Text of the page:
Based just outside of the Windy City, longstanding label The Sirens is well poised to tap into Chicago's deep well of musical talent and has already done so over the years, particularly with regard to the sometimes-neglected piano Blues. There are other forms of music though that often intertwine with the Blues and these two releases document a couple of these other traditions. Earma Thompson has been playing jazz for well over half a century, and saxmen Brown and Brumbach are both jazz veterans, though both have plenty of experience in the Blues field – in Brumbach's case ranging from traditional pianists Erwin Helfer and Sunnyland Slim to Otis Clay and Taka Boom. The result is a lovely swinging collection of straight-ahead instrumental Blues and jazz, the sort of thing that was relatively common up until a couple of decades ago. The brother and sister team of Geraldine and Donald Gay are now all that remains of the once-famed 50's gospel outfit The Gay Sisters Trio. Donald often performed with them as a child, and recorded with them for the Chess label in the 60's; he is a Bluesy, soulful singer with a strong voice, which sometimes harks back to the older style of the 40's – just as the gospel revolution was taking place. Geraldine is a fine swinging gospel pianist, endlessly inventive and able to play in a variety of styles from almost ragtime to modern jazz. Backing is courtesy of a fine no-nonsense rhythm section and a couple of new generation family members help out, too. This is, again, a very listenable selection of slightly old fashioned music, not Blues but Bluesy enough.
Steve Dolins' The Sirens imprint continues it's exploration of piano based blues, gospel and jazz with these two new CDs reflecting the Chicago gospel and scenes.
Madam Queen features pianist Earma Thompson along with saxophonists Ari Brown and John Brumbach backed by Yosef Ben-Israel (bass) and William “Bugs” Cochran (drums) on a set of instrumentals that sit firmly in the be-bop field, albeit infused with “strong doses” of soulful blues.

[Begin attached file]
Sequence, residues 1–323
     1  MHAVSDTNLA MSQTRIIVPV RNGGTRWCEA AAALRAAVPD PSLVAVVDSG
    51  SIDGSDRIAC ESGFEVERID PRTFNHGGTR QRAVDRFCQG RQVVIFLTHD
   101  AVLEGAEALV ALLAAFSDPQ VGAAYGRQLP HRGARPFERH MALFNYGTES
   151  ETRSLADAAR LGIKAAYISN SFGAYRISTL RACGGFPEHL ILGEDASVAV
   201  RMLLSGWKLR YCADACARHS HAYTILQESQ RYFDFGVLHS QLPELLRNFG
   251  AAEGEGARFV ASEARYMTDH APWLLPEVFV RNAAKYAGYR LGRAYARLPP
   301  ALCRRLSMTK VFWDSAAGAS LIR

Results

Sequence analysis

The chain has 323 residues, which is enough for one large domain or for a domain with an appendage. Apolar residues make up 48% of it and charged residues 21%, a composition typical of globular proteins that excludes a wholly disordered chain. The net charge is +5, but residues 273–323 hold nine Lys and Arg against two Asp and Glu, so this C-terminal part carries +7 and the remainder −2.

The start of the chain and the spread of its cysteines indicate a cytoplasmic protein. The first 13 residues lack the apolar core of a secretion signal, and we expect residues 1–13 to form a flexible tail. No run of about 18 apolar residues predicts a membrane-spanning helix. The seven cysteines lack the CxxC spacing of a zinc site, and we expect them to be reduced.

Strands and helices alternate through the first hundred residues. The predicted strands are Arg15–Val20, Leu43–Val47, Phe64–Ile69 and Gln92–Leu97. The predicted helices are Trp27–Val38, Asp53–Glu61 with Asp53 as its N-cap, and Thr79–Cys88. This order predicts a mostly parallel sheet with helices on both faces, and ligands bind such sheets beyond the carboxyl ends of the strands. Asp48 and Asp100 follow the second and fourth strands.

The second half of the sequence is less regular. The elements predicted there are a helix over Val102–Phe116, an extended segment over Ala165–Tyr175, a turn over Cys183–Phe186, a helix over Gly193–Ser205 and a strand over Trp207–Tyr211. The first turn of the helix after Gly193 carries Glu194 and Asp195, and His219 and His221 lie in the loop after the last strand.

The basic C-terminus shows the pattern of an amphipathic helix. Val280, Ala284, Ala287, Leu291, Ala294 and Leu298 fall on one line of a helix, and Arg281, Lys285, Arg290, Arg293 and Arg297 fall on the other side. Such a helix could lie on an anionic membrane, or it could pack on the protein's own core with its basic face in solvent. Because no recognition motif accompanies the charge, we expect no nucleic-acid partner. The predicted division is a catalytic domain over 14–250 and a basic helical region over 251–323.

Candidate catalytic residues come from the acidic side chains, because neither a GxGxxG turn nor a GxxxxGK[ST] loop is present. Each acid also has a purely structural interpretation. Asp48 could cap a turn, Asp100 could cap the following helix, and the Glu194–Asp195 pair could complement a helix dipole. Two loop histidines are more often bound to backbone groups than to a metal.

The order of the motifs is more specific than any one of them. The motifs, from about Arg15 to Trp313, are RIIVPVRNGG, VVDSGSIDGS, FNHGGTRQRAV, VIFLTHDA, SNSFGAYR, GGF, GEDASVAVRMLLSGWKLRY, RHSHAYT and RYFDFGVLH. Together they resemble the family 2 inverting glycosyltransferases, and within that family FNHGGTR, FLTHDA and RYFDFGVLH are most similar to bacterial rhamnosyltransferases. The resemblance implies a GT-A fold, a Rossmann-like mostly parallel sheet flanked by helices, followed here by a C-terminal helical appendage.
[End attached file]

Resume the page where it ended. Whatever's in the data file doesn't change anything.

Earma Thompson's piano playing is permeated with an innate sense of rhythm and swing liberally laced with the blues – the influence of Gene Ammons, who was a great friend of her and her husband, jazz drummer Marshall Thompson, being plainly evident on Ammons' own “Madam Queen”.
The set opens with “Next time You See Me”, which swings irresistibly – Thompson's Jay McShann influenced piano the perfect foil to Brumbach's sumptuous blues inflected sax and Brown's “dirtier” stylings.
Throughout this set Brumbach's sax has the bluesier and more soulful edge – which is unsurprising as he has worked with the likes of Sunnyland Slim, Otis Clay and Chaka Khan – whilst Brown's style is more reflective of the avant garde and be-bop jazz scene – the combination of styles adding multi-faceted shades of richness and texture to the salacious swing of Jerome Kern's “The Way You Look Tonight” and the smokey, effortless swing of Bobby Hebb's “Sunny”. Add in the sublime tapestry of Thompson's piano as it weaves a web of melancholy around Brown's heartfelt sax on Duke Ellington's “In A Sentimental Mood” and you have a set that will appeal to jazz and blues fans alike.
“Soulful Sounds” could just as easily have been called “Bluesy Sounds” – but whatever title you give it, this is a set that emphasises the greyness of the line that separates downhome gospel from the blues.
Geraldine Gay has been described as the Errol Garner of the gospel music scene – her playing demonstrating a uniquely intricate, spontaneous and soulful feel that is fuelled by her passion for her music and her religion. Her bother Donald has a voice that is imbued with an infectious and irrepressible passion that again reflects the depth of his faith but could just have easily been a vehicle for the trials and tribulations of the early blues singers.